Fakhravar's testimony before the The Senate Committee on Homeland Security and Governmental Affairs

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Fakhravar's testimony before the House Foreign Relations Committee, Washington, D.C., July, 2006.

The committee met, pursuant to notice, at 1:30 p.m., in Room 342, Dirksen Senate Office Building.

Hearing titled Iran's Nuclear Impasse: Next Steps. The purpose of the hearing was to look at the status on Iran’s nuclear weapons capabilities, European negotiations and the UN Security Council, and the feasibility of further negotiations, democracy promotion, sanctions, and/or military options.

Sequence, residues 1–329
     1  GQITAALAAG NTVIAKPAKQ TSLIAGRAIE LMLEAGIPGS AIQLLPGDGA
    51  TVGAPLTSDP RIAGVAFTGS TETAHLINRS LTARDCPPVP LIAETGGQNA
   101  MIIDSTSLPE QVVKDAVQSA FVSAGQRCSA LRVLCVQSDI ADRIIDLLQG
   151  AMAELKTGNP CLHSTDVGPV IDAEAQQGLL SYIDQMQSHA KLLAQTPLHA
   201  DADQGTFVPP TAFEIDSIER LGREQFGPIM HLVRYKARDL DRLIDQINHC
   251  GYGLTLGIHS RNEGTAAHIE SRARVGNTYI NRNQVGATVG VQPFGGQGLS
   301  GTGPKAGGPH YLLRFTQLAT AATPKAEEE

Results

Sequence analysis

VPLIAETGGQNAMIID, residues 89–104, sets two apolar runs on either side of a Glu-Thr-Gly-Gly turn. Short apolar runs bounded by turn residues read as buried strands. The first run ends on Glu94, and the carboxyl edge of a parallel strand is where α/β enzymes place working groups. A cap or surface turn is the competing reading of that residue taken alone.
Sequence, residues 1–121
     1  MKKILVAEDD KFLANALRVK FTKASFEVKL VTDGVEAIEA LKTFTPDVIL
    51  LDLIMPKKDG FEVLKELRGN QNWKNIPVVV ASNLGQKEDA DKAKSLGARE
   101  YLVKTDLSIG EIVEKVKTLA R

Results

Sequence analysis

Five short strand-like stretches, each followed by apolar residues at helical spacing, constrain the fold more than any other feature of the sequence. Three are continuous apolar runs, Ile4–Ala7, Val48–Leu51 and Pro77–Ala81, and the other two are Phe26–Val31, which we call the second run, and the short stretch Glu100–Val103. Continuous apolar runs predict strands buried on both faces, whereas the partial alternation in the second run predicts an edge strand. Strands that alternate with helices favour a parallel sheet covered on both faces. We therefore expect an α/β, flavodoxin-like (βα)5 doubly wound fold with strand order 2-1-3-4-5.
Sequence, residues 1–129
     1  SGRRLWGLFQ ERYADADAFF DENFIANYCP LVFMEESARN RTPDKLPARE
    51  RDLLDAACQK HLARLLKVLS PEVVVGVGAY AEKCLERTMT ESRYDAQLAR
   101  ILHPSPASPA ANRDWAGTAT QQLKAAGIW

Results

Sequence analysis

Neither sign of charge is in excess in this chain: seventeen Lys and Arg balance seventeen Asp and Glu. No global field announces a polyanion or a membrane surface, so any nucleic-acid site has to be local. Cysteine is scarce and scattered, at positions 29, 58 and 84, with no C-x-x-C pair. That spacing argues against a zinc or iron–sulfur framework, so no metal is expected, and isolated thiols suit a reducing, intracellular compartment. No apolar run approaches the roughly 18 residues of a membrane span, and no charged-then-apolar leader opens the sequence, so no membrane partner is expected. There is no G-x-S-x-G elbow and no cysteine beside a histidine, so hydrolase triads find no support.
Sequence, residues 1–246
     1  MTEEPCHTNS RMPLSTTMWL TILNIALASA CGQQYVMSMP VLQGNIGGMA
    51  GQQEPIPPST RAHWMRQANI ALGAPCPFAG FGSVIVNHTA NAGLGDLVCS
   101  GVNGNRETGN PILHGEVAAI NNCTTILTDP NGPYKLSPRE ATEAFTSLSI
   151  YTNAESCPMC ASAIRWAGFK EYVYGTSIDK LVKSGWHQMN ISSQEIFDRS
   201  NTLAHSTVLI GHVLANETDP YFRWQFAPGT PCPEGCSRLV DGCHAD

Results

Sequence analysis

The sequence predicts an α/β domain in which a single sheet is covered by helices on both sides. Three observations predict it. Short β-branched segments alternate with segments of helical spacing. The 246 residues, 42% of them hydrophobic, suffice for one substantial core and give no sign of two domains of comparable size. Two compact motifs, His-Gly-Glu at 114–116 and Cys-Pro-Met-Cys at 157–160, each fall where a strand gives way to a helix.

Also testifying:

Michael Ledeen (American Enterprise Institute), Ilan Berman (American Foreign Policy Council), Ray Takehy (Council on Foreign Relations), Jim Walsh (Massachusetts Institute of Technology),

Statement[edit]